Later On

A blog written for those whose interests more or less match mine.

Posts Tagged ‘coronavirus

The lack of testing means we don’t actually know what’s happening

leave a comment »

From a VoxCare newsletter:

Today’s coronavirus snapshot, as of 4 pm ET Monday:

  • 352,546 confirmed US cases (1,324,907 worldwide)
  • 10,389 US deaths (73,703 worldwide)
  • 1,778,487 tests conducted in the US (5,406 tests per million people)

I’ll be frank, today’s edition is a little selfish because it’s a question I really wanted to see answered. But the truth is, we need to start thinking right now about how to help rural America deal with this crisis. The outbreak is already there.   — Dylan

Until now, it’s been easy to think of the coronavirus as a problem for cities and maybe suburbs, but not for the towns and villages dotting the rest of America. But that really isn’t the case anymore — and the coming crisis could hit rural America just as hard, if not harder, as it has hit our urban centers.

To dispense with the idea that Covid-19 is only affecting cities, this map from Johns Hopkins illustrates the point better than any sentence I could write. You will notice the red dots representing the location and concentration of cases are … pretty much everywhere.

Today’s coronavirus snapshot, as of 4 pm ET Monday:

  • 352,546 confirmed US cases (1,324,907 worldwide)
  • 10,389 US deaths (73,703 worldwide)
  • 1,778,487 tests conducted in the US (5,406 tests per million people)

I’ll be frank, today’s edition is a little selfish because it’s a question I really wanted to see answered. But the truth is, we need to start thinking right now about how to help rural America deal with this crisis. The outbreak is already there.

—Dylan

Until now, it’s been easy to think of the coronavirus as a problem for cities and maybe suburbs, but not for the towns and villages dotting the rest of America. But that really isn’t the case anymore — and the coming crisis could hit rural America just as hard, if not harder, as it has hit our urban centers.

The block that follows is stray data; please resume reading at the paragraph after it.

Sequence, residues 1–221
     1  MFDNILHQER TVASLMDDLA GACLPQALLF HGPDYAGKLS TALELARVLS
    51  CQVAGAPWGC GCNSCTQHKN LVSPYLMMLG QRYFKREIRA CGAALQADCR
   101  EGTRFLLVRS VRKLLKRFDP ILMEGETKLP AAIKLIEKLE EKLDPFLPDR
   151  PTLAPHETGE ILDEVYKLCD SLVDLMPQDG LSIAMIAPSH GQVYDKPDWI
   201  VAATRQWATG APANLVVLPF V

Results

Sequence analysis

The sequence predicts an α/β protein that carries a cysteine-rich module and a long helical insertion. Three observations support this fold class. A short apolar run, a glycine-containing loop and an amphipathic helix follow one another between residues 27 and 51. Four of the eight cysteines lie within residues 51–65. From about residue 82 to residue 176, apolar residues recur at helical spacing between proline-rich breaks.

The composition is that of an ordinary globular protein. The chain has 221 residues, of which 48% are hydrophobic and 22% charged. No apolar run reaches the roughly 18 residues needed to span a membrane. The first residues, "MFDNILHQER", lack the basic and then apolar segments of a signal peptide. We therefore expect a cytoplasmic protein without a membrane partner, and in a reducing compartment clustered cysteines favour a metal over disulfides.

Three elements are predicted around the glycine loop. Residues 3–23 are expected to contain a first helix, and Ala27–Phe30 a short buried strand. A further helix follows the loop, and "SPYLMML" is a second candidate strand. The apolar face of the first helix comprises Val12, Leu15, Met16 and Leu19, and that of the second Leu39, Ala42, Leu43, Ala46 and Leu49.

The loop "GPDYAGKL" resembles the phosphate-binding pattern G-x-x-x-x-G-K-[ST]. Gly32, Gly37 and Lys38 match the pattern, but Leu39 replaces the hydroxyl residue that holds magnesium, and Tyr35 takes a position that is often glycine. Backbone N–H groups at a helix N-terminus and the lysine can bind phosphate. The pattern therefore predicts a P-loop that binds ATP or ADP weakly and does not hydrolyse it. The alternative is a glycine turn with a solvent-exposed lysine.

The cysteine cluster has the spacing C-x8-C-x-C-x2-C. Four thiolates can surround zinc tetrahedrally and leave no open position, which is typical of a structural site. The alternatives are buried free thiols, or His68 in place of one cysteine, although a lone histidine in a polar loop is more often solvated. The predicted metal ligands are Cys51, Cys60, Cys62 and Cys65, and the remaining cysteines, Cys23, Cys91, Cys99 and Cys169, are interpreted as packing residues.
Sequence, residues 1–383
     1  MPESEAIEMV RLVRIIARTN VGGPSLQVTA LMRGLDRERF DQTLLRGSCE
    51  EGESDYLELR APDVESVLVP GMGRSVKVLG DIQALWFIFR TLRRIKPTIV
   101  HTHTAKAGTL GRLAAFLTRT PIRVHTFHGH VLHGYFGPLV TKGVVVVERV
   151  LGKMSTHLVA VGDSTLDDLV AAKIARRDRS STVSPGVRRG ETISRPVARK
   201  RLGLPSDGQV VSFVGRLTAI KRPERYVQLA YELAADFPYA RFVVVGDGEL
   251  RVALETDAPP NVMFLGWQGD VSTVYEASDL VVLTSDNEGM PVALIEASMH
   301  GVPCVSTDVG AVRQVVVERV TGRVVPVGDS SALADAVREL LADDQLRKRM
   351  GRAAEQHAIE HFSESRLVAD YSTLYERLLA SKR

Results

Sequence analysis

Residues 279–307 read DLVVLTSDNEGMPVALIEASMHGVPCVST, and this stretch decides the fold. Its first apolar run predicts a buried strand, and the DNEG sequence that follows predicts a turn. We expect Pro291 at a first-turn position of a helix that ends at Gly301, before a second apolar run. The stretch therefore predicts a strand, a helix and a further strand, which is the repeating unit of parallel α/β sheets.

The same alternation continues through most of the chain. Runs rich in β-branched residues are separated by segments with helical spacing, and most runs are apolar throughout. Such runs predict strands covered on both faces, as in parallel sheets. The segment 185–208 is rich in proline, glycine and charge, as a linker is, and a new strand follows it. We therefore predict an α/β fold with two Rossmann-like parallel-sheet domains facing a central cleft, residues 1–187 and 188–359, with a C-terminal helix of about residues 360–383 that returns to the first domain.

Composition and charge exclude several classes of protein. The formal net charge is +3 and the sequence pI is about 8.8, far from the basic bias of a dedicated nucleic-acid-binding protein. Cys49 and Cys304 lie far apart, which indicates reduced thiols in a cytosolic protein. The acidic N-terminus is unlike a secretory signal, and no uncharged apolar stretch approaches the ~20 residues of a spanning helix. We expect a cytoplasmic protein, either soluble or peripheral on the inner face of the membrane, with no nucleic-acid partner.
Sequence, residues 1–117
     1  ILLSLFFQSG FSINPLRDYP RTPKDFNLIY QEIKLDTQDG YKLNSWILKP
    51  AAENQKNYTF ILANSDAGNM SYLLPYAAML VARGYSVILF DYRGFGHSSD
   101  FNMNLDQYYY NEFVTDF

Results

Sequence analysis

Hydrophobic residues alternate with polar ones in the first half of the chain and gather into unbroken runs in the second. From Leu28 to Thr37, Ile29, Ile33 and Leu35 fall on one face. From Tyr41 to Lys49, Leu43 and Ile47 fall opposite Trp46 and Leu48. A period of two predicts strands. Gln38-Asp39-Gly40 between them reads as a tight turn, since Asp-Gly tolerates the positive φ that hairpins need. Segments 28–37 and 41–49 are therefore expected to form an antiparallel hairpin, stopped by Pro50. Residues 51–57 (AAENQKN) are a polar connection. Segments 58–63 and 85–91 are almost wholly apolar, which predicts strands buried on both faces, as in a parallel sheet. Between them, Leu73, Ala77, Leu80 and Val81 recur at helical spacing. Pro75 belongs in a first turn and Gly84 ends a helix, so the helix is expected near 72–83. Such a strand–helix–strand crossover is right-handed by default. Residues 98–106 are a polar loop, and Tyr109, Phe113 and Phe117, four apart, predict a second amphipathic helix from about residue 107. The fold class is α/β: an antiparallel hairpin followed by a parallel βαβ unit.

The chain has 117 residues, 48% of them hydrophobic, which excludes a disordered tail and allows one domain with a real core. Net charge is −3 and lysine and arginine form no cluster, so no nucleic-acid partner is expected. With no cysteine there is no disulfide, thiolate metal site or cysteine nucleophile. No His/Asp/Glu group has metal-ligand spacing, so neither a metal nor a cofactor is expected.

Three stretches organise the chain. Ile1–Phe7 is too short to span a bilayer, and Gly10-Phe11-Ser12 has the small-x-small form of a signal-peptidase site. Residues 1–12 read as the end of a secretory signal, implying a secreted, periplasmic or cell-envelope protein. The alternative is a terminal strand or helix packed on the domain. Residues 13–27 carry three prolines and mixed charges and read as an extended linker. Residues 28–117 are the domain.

To dispense with the idea that Covid-19 is only affecting cities, this map from Johns Hopkins illustrates the point better than any sentence I could write. You will notice the red dots representing the location and concentration of cases are … pretty much everywhere.

I had actually assumed urban areas would be more fertile ground for the coronavirus and that’s why we were seeing more cases there. More people, in closer proximity, sharing parks and public transportation and the like. But Tara Smith, an epidemiologist at Kent State University, waved me off that notion.

“I’m not sure if it’s really population density versus more access to testing in urban areas,” she told me late last month. She pointed out that in her (and my) home state of Ohio, Covid-19 had actually shown up early in Stark County (a smaller county that contains Canton but not much else in the way of urbanity) but most of the testing had been concentrated in Cleveland.

“I think we just have no idea what’s going on in some of the less-populated areas,” she said.

And when the virus does hit our rural communities, they will have even less medical capacity than New York City or Los Angeles or Seattle. Lois Parsely laid out some sobering statistics for Alaska in a piece for Vox this weekend:

While New York state still has the highest per capita rate — 1,995 cases per million people as of March 26 — there are also significant clusters of Covid-19 in rural areas in the Midwest and South, including Arkansas, Mississippi, Georgia, and South Carolina. Every US Health and Human Services region also has shown a sharp uptick in non-flu-related influenza-type illness.